Here's what we know for sure about Windows 9: practically nothing. Even the Windows 9 brand has yet to be confirmed. All we have is the codename "Threshold," which supposedly refers to the next generation of Microsoft's Windows operating system.
Despite the lack of details, rumors are circulating about when the product will be released, how it will be packaged and what it will cost. Conjecture also extends to whether we'll return to Windows 7's good old Start menu. Then there's the future of Windows applications and the degree to which the cloud will be integrated into the OS.
Given the bounty of buzz, let's try to make sense of the more salient issues and perhaps bring order to the legions of unconfirmed hype.
When, what and how much
There are plenty of theories about when Microsoft might release Windows 9, ranging from late 2014 to sometime next year.
The preponderance of opinion falls on April 2015. Is that Microsoft's plan, or is it wishful thinking? Development was not scheduled to begin until recently, and we don't know how much work has already been done and how much is left to do. We also don't know the full extent of the development effort itself or what Windows 9 will look like.
The Microsoft Operating System Group (OSG), however, does appear to be speeding up the delivery process. Microsoft released Windows 8 in October 2012, followed by Windows 8.1 in September 2013. The first Windows 8.1 update came soon after, and Update 2 (or Windows 8.2?) is already in the works.
Windows 9 may not be far behind. So what we see in that OS might depend on what the OSG can do in a shorter amount of time as it aims for a schedule that more closely resembles that for Windows Phone than it does the traditional desktop model. So April might be doable.
Assuming Windows 9 does arrive sooner rather than later, we're still left with the question of how it will be packaged. Microsoft appears to be planning to realign the product SKUs offered to consumers and OEMs, but it's difficult to say how that will actually play out.
Perhaps we'll still see an edition structure similar to the current desktop OS -- Windows 8.1, Windows 8.1 Pro and Windows 8.1 Enterprise -- with more options thrown in.
Another suggestion being bandied about is that Microsoft might move to a subscription-based structure, with different features offered at different subscription levels. The higher the level, the closer we get to an enterprise OS (in a "pay to play" type of scenario).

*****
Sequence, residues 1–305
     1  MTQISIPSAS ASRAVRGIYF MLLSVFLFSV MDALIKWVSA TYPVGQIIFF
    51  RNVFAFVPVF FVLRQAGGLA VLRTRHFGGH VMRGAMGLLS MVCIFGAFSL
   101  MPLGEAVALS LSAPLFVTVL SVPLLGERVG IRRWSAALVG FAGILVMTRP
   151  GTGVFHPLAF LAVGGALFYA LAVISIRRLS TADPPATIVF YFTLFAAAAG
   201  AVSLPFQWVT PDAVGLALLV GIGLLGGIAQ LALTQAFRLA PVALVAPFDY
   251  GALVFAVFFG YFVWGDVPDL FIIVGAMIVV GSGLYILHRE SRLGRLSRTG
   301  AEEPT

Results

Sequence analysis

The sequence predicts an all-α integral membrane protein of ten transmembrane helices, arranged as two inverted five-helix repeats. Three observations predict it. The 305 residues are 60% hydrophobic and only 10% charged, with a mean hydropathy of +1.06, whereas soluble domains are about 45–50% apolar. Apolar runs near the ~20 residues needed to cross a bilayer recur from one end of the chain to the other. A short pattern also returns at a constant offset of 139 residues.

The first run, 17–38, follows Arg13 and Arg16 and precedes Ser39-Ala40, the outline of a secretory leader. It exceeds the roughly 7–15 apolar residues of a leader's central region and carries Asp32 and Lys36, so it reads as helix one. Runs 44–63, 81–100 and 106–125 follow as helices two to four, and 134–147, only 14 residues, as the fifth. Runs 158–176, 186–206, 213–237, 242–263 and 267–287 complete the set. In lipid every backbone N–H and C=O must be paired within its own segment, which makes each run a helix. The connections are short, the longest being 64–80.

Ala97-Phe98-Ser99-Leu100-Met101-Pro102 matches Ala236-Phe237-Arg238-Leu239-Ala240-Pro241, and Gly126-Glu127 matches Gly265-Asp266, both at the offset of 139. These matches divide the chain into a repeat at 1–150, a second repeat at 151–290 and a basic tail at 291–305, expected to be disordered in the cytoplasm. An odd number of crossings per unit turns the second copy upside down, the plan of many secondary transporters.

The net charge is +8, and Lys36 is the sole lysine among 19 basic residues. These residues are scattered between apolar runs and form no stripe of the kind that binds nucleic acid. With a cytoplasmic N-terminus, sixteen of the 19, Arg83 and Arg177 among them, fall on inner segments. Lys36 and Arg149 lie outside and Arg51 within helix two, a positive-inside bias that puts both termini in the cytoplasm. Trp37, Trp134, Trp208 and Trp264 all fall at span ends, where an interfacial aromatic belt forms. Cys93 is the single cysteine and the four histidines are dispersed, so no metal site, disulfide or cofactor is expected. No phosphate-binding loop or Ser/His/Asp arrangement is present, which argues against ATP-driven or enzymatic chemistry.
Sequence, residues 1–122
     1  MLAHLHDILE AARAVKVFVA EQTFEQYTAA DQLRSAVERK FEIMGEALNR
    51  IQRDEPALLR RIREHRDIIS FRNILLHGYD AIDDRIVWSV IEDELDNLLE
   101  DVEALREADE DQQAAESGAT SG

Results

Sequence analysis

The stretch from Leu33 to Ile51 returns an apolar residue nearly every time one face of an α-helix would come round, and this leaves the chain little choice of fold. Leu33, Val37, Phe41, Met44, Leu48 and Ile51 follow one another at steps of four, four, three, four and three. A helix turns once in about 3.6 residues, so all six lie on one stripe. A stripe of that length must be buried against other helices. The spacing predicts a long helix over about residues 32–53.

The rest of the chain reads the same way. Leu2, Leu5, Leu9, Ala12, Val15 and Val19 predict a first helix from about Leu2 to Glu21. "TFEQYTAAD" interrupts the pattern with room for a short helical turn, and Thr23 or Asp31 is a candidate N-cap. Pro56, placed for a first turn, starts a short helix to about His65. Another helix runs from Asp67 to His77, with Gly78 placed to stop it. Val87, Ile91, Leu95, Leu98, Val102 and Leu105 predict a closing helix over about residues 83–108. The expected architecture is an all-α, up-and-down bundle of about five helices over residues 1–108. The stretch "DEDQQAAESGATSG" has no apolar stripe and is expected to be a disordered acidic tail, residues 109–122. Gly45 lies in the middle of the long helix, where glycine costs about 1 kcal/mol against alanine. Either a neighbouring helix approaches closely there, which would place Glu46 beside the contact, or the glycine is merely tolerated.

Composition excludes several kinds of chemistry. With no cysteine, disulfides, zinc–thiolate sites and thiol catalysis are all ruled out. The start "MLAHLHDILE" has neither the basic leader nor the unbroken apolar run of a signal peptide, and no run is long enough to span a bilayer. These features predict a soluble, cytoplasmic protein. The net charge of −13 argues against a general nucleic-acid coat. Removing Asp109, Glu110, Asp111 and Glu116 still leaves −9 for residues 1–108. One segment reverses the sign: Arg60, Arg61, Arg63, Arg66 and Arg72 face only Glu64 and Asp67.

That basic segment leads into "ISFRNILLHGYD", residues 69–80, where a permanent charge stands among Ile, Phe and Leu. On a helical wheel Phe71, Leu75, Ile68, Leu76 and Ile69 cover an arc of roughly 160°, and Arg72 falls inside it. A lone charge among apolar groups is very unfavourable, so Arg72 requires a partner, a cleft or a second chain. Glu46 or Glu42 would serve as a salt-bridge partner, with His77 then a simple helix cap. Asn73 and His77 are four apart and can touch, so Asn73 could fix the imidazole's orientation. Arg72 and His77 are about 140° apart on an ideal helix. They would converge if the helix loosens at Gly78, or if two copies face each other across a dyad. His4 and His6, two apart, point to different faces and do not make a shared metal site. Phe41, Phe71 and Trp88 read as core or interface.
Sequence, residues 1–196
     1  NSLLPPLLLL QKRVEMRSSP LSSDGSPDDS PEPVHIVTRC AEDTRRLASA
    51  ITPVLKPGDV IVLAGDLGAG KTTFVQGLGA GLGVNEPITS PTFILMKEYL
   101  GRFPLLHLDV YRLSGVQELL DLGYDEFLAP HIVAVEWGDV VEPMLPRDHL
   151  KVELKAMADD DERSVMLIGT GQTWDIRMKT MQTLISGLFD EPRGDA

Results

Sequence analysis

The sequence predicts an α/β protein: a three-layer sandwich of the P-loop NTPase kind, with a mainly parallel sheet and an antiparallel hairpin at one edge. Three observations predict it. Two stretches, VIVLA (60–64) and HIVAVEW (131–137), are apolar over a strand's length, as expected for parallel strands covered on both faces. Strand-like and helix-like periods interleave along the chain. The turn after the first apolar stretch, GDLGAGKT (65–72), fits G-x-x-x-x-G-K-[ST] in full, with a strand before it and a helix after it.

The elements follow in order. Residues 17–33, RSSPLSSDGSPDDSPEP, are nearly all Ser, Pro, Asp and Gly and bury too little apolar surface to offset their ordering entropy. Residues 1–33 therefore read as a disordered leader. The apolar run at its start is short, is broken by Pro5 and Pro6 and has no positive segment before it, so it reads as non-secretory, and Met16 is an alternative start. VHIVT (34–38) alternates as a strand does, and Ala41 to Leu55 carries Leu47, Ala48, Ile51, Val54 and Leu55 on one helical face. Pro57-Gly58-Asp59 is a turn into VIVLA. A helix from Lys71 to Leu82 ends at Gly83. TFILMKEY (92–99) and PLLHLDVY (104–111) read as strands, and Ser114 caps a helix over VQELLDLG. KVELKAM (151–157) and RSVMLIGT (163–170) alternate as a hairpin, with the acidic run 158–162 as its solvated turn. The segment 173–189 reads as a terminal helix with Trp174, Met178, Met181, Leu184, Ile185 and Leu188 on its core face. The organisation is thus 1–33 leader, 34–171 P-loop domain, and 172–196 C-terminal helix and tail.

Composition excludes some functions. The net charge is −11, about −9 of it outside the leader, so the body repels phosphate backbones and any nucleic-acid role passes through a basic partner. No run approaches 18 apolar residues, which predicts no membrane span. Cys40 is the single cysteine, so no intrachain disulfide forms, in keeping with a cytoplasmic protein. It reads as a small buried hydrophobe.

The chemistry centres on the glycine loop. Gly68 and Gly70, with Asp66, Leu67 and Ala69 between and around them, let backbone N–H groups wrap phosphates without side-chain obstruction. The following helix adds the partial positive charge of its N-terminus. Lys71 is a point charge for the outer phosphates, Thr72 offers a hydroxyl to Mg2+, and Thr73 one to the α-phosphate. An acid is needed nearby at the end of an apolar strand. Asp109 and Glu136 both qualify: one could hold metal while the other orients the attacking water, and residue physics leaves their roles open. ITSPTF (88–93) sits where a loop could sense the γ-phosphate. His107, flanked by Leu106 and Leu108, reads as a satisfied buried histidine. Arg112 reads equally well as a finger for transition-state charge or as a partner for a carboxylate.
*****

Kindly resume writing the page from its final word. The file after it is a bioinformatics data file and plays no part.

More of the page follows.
Which brings us squarely to what Windows 9 might cost, a huge unknown amid a bevy of unknowns. When we consider the shift in SKUs and the possibility of a subscription-based model, projecting into the future becomes even more difficult. Still, Microsoft is anxious to move past the Windows 8 era, so at the very least, we'd expect upgrading to be cheap.
It's even possible that some edition or level of service will be offered for free, at least according to water-cooler gossip. One suggestion is that the Windows Phone version will be free, but not the desktop one. Another is that the desktop will be free to consumers, but not to OEMs. Or free to OEMs, but not to consumers. Or maybe the upgrade will be free, but not the standalone product.
Perhaps we should flip a coin to decide.
Return of the Start menu
If there's one Windows 9 pronouncement we can make with relative confidence it's that the Start menu is slated for an encore performance. In fact, Microsoft showed off a prototype at Build 2014, which suggests that the new menu will be in the next Windows 8.1 update. Whether this will be the exact Start menu that makes it into Windows 9 is yet to be seen, but clearly Microsoft has acknowledged that many of its desktop users did not appreciate the sudden thrust into a tablet-like world.
Even so, the reintroduced menu will not simply replicate the Windows 7 Start page. The Windows 9 Start menu will likely incorporate "Modern" elements, such as live tiles, and perhaps rely more heavily on Windows Search and the Internet. Whatever the end product looks like, it will likely be a hybrid between the old and the new.
What will be interesting to see is how the redesigned menu fits into Microsoft's larger strategy for an OS that offers a unified experience across all Windows devices, while taking into account the individual device types. To that end, according to the prevailing scuttlebutt, the Start menu will behave differently on a touchscreen device than it does on a desktop driven by only a mouse and keyboard, which is where we'll see the more traditional menu.
In my next article, we'll take a look at applications for Windows 9 and potential integration with the cloud.